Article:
13 Dec 2018

Christchurch City Council will seek an urgent review of the Land and Water Regional Plan (LWRP) from Environment Canterbury.

The Council today voted to ask the regional council to review the LWRP to address its concerns about the impact of commercial water bottling operations.

Water coming from a tap.

Christchurch's drinking water comes from underground aquifers.

“Our drinking water is treasured by our community so it is important there is a tight regulatory framework to control access,’’ says Mayor Lianne Dalziel.

“The problem we have at the moment is that the LWRP treats the Christchurch-West Melton groundwater protection zone as a single water body, even though it is made up of several distinct aquifers of varying depths.

“Currently there is a ban on consents being issued in this zone that increase the take. By treating all the aquifers as a single water body in this zone, a consent can be varied by ECan to allow a take from a deeper bore on the basis that it doesn’t increase the overall volume of the take,’’ the Mayor says.

This is the route that bottling company Cloud Ocean Water has taken with its recent consent application.

It had consent to take water from a shallow bore but recently applied for a consent variation so it could take water from a deeper bore within its existing allocation.

The deeper bores are where Christchurch draws its drinking water from.

Christchurch City Council opposed Cloud Ocean’s application on the grounds it could impact negatively on the city’s drinking water supplies. On Wednesday though an independent hearing commissioner appointed by ECan decided to grant Cloud Ocean consent to take water from a deeper bore.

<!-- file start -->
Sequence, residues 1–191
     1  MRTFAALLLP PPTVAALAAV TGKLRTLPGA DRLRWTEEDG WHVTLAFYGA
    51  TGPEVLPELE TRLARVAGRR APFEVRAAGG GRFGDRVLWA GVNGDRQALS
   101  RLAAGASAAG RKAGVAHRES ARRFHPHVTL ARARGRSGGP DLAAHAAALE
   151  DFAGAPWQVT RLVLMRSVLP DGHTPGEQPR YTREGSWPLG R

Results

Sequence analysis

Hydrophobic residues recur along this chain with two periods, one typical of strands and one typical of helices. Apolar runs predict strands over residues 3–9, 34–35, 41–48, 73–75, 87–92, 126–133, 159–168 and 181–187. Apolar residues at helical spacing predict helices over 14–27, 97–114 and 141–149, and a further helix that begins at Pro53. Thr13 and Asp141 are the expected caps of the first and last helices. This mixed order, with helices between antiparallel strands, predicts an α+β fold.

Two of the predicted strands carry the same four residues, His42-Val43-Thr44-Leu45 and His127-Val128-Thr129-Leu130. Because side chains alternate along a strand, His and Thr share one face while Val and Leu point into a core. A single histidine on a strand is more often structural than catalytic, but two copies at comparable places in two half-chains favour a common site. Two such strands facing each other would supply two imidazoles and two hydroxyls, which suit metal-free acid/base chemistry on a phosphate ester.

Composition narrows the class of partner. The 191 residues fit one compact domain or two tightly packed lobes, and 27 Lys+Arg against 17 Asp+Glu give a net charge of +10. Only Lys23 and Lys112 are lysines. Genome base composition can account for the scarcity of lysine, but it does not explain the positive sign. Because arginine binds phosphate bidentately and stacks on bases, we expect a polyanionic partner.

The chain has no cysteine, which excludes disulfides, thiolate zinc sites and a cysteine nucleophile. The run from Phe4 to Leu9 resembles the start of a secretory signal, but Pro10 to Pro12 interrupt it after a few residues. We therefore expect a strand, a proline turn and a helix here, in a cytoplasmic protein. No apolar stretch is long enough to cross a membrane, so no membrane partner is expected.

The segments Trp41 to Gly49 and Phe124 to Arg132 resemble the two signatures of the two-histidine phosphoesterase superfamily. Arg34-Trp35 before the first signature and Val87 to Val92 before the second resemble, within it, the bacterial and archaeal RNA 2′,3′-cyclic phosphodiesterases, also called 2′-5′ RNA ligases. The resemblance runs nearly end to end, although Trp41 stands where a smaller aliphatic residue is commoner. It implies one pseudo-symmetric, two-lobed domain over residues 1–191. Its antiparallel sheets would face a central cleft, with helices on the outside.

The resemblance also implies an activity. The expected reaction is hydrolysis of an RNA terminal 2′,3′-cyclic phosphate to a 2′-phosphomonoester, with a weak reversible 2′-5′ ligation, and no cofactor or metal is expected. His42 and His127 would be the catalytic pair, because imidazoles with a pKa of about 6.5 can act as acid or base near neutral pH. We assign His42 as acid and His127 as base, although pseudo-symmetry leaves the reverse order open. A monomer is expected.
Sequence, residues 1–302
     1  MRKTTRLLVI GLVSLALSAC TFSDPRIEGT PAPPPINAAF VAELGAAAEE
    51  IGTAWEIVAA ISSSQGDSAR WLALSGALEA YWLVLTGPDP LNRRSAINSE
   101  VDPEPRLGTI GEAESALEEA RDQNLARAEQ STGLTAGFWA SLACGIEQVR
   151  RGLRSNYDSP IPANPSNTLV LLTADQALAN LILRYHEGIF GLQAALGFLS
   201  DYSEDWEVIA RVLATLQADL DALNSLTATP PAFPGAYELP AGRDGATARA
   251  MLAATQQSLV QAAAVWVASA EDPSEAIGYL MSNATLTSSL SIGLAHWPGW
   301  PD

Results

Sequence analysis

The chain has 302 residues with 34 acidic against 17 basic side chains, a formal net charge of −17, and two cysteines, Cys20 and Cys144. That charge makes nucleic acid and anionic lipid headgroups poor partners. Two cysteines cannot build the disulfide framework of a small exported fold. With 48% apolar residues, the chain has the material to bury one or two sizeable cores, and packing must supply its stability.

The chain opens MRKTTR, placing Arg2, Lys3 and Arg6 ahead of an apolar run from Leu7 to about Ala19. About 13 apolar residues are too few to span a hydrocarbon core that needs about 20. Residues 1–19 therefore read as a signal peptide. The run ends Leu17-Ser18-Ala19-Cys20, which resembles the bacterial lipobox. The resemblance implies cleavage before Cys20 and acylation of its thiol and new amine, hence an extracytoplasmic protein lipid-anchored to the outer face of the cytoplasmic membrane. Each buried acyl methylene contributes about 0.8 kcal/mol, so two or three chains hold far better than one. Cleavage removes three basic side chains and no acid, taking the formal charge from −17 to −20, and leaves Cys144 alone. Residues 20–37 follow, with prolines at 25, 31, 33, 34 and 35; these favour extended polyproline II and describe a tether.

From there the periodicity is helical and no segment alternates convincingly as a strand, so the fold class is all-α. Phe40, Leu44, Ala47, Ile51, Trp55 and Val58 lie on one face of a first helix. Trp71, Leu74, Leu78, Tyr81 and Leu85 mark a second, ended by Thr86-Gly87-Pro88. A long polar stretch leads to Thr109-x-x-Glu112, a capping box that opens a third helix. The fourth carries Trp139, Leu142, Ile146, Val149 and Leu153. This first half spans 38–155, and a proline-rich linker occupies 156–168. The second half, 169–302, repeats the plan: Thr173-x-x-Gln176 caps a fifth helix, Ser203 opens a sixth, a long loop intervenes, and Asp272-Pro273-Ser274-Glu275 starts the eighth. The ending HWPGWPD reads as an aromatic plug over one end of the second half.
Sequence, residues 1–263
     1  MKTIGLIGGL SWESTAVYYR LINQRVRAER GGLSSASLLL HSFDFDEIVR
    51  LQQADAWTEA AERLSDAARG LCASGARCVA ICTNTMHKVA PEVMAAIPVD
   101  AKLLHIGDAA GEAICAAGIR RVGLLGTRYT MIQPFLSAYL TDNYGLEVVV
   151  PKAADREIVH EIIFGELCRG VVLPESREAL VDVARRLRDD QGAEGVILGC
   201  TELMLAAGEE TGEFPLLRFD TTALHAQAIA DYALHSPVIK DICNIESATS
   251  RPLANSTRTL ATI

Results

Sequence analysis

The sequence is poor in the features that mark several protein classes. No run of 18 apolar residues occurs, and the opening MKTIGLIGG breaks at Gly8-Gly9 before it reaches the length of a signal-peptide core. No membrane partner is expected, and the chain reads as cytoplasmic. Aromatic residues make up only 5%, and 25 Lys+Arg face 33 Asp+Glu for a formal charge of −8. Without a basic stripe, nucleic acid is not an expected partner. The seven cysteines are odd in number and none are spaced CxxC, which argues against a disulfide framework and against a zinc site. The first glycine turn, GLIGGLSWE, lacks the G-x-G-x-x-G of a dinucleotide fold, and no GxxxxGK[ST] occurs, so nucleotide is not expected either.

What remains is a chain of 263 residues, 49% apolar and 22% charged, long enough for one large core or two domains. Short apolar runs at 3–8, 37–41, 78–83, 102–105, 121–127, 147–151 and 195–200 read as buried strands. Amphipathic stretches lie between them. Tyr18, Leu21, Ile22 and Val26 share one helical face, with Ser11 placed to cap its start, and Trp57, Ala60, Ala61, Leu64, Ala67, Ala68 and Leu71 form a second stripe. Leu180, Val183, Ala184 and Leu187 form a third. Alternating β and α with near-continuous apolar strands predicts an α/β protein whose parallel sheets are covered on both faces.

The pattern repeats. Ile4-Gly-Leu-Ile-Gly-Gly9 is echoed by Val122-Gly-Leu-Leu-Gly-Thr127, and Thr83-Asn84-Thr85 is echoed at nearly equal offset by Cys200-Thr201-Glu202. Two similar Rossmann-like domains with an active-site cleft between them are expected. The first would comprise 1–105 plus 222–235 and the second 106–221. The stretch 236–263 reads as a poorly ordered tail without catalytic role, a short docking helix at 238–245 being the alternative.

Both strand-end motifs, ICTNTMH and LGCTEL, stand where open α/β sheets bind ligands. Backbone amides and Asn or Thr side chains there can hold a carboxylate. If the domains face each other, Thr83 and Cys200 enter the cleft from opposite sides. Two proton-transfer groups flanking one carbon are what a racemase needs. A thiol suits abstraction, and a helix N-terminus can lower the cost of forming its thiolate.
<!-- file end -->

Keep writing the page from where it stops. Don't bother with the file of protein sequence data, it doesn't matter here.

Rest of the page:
The consent was granted without any opportunity for public to give its views. The Council’s views were not able to be considered either.

The Council at its meeting today asked staff to report back on what options it has to challenge the Cloud Ocean consent decision.

It has also asked staff to provide advice on some other actions suggested by Aotearoa Water Action that could be taken to protect the city’s water supply, including the possibility of seeking a water conservation order.

Mayor Dalziel says the Cloud Ocean consent decision is disappointing and highlights the need for a changed approach.

“If the aquifers were treated as individual water bodies under the LWRP, then a consent holder would not be able to transfer their take between bores without applying for an entirely new consent.

“Under the LWRP Christchurch City Council are the only party who can apply for more water so any new consent application would not be granted,’’ the Mayor says.